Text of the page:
If you’re like me, you loved this season of Westworld. It was awesome for many reasons – complex psychological drama, amazing scenery, compelling story lines, and some really cool science fiction underpinning it all.
For those who didn’t catch the season, but may be reading because of the 3D printing topic or the buzz surrounding Sunday’s season finale, the setting of the show is a Wild West theme park filled with robotic “hosts” that have been custom built to interact with park guests.
Central to the premise of the show – from the very opening credits – has been the concept that these hosts are so realistic that they might as well be human. And 3D printing is the driving force for that that realism. In striking fashion, the opener shows a 3D printer extruding material to put the finishing touches on a piano, a horse’s knee, and a gun, as well as the eye and musculoskeletal system of a host. To cap off the intro, the printed host is being gradually lowered into a vat of material as a final step to put a smooth coat over the underlying bone and muscle.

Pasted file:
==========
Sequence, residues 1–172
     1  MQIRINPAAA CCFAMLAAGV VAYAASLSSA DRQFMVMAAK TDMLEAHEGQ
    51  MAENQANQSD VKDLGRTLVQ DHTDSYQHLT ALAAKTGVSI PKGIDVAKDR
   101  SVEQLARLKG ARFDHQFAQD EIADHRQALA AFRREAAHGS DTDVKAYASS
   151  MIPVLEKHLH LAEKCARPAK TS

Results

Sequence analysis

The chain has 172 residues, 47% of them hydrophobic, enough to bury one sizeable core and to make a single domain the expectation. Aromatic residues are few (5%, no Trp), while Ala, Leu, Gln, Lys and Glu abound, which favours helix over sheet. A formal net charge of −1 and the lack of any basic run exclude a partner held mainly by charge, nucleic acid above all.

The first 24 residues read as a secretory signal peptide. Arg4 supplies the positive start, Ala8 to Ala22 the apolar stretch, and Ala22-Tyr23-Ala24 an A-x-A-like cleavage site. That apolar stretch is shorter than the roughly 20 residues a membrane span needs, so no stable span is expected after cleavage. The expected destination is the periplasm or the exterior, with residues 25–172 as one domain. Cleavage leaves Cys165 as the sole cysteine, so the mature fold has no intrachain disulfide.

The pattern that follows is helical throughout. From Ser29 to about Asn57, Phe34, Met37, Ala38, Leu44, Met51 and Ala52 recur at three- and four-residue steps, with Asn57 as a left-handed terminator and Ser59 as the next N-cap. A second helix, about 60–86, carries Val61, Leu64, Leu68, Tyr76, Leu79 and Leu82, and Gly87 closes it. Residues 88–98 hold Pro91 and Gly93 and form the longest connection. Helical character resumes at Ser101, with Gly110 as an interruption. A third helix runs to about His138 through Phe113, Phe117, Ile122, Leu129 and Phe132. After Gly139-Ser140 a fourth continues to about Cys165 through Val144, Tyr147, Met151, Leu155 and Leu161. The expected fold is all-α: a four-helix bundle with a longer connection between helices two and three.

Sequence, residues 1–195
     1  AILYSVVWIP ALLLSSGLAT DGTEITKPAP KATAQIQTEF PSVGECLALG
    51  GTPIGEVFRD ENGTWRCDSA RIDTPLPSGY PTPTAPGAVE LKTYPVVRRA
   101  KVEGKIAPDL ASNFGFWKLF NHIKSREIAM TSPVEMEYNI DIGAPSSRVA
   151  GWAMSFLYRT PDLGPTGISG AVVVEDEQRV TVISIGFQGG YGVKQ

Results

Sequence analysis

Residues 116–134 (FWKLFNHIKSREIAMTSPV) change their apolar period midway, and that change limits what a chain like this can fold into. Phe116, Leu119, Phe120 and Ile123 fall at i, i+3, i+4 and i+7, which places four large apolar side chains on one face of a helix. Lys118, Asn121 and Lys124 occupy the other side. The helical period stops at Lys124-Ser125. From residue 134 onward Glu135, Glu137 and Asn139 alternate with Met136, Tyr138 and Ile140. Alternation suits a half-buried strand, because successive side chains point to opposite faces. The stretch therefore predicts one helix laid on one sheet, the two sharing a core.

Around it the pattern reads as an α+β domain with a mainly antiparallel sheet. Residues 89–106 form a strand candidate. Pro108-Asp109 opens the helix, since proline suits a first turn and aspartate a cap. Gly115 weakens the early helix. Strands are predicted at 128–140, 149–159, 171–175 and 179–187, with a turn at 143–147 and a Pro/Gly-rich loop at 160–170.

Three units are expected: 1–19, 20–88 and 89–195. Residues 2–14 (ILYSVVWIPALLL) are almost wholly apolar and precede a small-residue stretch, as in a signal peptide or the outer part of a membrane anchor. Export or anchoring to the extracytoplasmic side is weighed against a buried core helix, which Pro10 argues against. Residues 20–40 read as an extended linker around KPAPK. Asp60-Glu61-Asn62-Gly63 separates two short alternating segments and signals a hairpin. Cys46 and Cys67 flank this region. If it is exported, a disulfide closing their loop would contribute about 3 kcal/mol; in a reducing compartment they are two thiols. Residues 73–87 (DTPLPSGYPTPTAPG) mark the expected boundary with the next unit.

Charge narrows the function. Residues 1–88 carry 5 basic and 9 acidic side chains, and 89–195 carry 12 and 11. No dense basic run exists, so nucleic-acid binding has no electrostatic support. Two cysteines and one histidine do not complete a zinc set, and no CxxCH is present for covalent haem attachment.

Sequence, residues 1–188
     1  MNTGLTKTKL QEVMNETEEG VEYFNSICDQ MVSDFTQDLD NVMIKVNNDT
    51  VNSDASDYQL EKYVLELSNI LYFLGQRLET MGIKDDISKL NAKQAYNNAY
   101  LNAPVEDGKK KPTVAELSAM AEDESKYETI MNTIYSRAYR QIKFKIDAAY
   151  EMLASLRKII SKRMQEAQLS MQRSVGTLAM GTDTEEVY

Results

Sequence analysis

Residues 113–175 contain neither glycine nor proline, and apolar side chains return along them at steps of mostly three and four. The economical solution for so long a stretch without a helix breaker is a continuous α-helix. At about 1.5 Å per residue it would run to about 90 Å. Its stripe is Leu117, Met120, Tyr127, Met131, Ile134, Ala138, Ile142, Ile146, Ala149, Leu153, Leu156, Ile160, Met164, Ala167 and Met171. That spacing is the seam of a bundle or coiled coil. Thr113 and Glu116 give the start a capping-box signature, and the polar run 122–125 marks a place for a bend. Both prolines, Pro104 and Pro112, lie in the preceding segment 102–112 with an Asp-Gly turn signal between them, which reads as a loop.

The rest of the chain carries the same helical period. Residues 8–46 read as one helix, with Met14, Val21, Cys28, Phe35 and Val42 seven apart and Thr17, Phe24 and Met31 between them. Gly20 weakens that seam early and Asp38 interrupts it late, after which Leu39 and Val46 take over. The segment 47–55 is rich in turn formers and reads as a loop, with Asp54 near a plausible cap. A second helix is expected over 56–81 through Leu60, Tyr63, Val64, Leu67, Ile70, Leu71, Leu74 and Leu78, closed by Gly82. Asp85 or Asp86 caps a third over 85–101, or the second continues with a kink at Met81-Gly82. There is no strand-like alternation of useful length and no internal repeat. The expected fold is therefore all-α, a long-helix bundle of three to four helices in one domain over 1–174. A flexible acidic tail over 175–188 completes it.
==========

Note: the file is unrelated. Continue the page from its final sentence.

All of this feels pretty science fiction-ey. But is it? Is there a foundation of science fact in this science fiction? And if so, how far away from reality is the 3D printing in the show?
This article will explore some of the key 3D printing capabilities displayed in Westworld, discuss the state of science as it relates to these capabilities, and give you a ballpark sense of how far we are from 3D printing on par with what you’re seeing in the show.
To level set and to avoid spoilers, I’ll stick just to what we see in the opening credits. So give this a quick watch…
Extrusion and Vat Photopolymerization
On the most basic level, are there 3D printers that behave like the processes in the opener – either extruding material from a nozzle or creating solid parts from liquid baths? Well, for the uninitiated in the 3D printing, the answer is an absolute yes. Extrusion – gradually depositing melted material from a nozzle – is one of the fundamental printing technologies, first brought to the market by Stratasys. When their extrusion patents for “Fused Deposition Modeling” (FDM) expired a few years back, we saw many companies roll out new “Fused Filament Fabrication” (FFF) printers leveraging the extrusion technique.